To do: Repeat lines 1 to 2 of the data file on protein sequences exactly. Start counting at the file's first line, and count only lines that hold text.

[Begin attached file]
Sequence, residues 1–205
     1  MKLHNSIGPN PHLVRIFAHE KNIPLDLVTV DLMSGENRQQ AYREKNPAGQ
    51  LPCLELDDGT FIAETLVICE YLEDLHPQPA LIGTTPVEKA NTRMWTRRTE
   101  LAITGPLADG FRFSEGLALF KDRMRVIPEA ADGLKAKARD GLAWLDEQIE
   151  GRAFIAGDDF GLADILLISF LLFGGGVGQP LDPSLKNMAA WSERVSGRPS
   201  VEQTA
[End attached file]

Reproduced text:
Sequence, residues 1–205
     1  MKLHNSIGPN PHLVRIFAHE KNIPLDLVTV DLMSGENRQQ AYREKNPAGQ